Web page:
Johnsson has documented over 100 medieval swords in private collections
and museums across Europe.
The scattered remains of past ages have always held a strong attraction
When, as a child, his parents took him to visit museums, the experience
left him mesmerized. The thought of what the fragments of past times
might have been witness to stirred his imagination.
As many other kids, he felt that armouries, with their dark and suggestive
atmosphere, were especially exciting.
On his eighth birthday he got a small anvil as a gift from his father.
That was something that had profound influence on him. He was deeply
satisfied and proud when he, under supervision of his father, forged
his first knife from a small lathe tool and was told how to harden it
with linseed oil.
At that moment a seed was planted. He knew he wanted to learn how to
forge a sword - a real one, like the ones heŽd seen hanging on the walls
of museums and armouries. He hammered happily away on his little beloved
anvil, striving to realize the dream, while cold-forging miniature swords
from gas welding rods. In the end the anvil got so badly bruised and
dented that it was no longer of any practical use. The dream to become
a smith would have to wait a few years yet.
Peter turned his interest to pen and paper and this eventually led him
to take an MA degree in graphical design and illustration. He became
an illustrator of childrens books, and designer of pedagogical information.
He still enjoys doing this on a part-time freelance basis. However,
after some years being illustrator, the urge to become a smith could
no longer be ignored. Peter took sabbatical leave from his profession
to start learning the trade and craft of the blacksmith by studying
decorative metalwork and forging for four years at a school for arts
This was a very rewarding period, during which he got the opportunity
to deepen his knowledge about the forging of steel and its heat treatment,
which became a special interest.
As a final project at this education, Peter dealt with the reconstruction
of the sword of Svante Nilsson Sture, who was the regent of Sweden 1504-1512.
This was a rare opportunity to study an authentic top quality-fighting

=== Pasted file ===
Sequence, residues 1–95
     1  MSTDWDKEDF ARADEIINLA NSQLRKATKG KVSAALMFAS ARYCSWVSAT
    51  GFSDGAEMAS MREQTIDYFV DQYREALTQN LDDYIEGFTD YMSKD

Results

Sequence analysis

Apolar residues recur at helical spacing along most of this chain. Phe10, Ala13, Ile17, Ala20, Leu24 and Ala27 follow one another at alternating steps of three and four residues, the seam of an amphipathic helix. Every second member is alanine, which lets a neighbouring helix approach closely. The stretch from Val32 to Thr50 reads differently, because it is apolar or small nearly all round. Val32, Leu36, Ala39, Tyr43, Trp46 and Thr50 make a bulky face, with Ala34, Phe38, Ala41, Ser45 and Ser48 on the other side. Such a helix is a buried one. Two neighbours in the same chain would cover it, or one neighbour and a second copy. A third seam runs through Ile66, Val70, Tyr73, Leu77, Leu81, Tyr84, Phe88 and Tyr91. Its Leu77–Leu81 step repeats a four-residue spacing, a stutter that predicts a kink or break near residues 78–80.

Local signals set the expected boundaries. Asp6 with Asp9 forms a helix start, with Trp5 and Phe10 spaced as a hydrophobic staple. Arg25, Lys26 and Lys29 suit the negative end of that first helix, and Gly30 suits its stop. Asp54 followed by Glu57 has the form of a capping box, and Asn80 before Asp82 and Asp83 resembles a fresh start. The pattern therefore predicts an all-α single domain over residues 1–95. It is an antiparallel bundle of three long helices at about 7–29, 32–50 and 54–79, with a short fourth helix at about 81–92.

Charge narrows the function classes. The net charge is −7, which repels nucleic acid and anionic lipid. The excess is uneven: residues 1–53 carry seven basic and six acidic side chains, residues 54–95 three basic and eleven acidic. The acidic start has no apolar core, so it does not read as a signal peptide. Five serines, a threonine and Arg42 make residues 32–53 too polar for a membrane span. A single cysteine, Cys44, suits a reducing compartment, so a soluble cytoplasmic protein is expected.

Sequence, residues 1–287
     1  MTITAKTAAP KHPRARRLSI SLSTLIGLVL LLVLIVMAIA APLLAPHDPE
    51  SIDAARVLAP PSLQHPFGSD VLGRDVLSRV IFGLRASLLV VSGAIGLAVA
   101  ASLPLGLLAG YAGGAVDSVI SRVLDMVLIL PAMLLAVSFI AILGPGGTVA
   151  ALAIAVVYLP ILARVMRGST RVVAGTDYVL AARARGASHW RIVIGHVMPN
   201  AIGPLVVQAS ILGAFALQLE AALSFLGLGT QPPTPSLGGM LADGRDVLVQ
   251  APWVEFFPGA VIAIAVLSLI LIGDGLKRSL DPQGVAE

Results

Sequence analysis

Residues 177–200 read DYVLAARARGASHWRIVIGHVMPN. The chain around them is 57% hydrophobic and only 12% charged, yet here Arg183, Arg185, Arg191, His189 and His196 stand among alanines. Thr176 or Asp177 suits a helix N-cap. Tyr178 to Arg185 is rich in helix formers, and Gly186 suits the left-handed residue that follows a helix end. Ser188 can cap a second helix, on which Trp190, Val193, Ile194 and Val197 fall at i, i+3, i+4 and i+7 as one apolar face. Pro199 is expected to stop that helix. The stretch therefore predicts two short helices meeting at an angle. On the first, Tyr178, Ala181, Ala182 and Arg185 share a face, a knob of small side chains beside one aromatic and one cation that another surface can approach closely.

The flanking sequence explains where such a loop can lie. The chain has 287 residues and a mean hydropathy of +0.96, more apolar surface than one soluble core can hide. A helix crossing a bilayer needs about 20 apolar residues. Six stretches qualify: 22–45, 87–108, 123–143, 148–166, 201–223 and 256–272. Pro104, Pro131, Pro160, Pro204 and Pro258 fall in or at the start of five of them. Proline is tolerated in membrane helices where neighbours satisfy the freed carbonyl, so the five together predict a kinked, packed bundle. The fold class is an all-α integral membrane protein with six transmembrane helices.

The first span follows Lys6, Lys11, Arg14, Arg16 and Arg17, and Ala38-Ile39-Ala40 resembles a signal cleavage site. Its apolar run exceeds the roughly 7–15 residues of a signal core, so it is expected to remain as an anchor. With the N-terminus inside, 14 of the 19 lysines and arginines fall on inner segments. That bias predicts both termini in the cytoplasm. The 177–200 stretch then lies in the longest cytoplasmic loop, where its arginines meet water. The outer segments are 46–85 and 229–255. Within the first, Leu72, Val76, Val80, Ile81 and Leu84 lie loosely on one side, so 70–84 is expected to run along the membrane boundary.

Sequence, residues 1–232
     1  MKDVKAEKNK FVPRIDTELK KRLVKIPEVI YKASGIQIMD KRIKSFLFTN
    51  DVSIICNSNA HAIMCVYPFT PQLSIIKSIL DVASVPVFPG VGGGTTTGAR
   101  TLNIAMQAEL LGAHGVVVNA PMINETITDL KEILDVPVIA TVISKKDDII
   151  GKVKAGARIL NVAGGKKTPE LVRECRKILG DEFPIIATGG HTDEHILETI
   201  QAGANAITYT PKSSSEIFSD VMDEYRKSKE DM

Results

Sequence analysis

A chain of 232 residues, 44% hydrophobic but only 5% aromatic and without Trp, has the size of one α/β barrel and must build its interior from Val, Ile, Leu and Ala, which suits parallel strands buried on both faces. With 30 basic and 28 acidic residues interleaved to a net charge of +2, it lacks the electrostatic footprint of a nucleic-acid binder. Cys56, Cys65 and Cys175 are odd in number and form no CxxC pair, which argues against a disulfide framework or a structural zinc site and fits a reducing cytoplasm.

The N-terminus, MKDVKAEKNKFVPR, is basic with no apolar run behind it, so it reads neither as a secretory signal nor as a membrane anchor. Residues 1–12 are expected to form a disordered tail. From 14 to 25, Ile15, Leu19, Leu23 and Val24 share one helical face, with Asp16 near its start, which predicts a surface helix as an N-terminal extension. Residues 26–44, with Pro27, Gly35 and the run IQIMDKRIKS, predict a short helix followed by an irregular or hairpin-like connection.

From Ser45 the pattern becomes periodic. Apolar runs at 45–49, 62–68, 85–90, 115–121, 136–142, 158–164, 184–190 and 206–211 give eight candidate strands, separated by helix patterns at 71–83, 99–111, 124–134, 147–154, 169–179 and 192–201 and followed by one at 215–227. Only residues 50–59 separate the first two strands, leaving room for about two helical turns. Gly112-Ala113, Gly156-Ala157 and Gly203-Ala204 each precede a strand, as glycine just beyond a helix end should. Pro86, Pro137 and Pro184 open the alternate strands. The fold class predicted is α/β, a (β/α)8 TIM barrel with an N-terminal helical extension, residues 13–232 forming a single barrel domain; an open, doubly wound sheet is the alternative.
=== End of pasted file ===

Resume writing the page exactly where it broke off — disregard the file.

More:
weapon from an interesting period in Swedish history. Peter had the
privilege to handle the original at several occasions. The result of
the project was a replica of the original sword and a book dealing with
its history, as well as the process of the making of a sword.
Thoughts on Swords:
A sword is a symbol of many things. The complexity of its associations
adds to its symbolic power.
When you handle a well made sword it is difficult not to be affected
by this. The sword represents chivalrous ideals, but it is also the
weapon with which the warriors slew the innocents.
It is a significant symbol for the continual strife for mastery, for
good and for bad. It is a sign of both triumph and defeat. It is a tool
whose influence can make man a hero or a mindless destroyer.
It takes knowledge to make a sword and it takes experience to know how
to wield it, but it has often served powers that are motivated only
by prejudice and ignorance. For modern man it might represent a longing
back to ages long past which are believed to have been easier to understand
and grasp. Still, if a sword is not first of all made to be a fully
functional weapon, it is a pitifully foolish thing that cannot carry
any symbolical power.
A sword must not fail in its practical use. A badly made sword is a
very disappointing thing, since sloppy, thoughtless and careless craftsmanship
belies the very source of its intrinsic power. The purpose of the shape
and dimensions of a sword is to ensure its wielder control of the thin
line of its edge, across which it ceases to exist. The need to be alert
and conscious about how the overall shape sets conditions for the details,
and how the details lead to results in the performance of the completed
sword is an inspiring necessity in its making.
making of a sword is a joy and a challenge. A sword demands careful
consideration and attention to details to be brought to its full power.
It is a source of both pride and humility for me as a smith to strive
to emulate the stark and elegant simplicity and the high level of craftsmanship
of original historical swords.
I want the swords I design and make to be true to historical swords
in quality, style and feel. To achieve this I continually examine swords
in museums and collections, and base my work on observations and notes
from these studies. Sometimes I make a direct copy, sometimes I combine
features from different swords to make a new one that still has the
handling characteristics of the originals and shows a style which is
possible to associate with a historical period.
like customers to feel that the sword they own is true to its predecessors:
a well proportioned, responsive and reliable weapon recreated according
to the likeness and example of real historical swords.
will be introducing truly historic recreations of swords throughout
history designed by Peter from his research, the Museum
Line. Other swords offered will include original designs by Peter,
based on period types and their characteristics, the Next
Generation Albion Mark Line.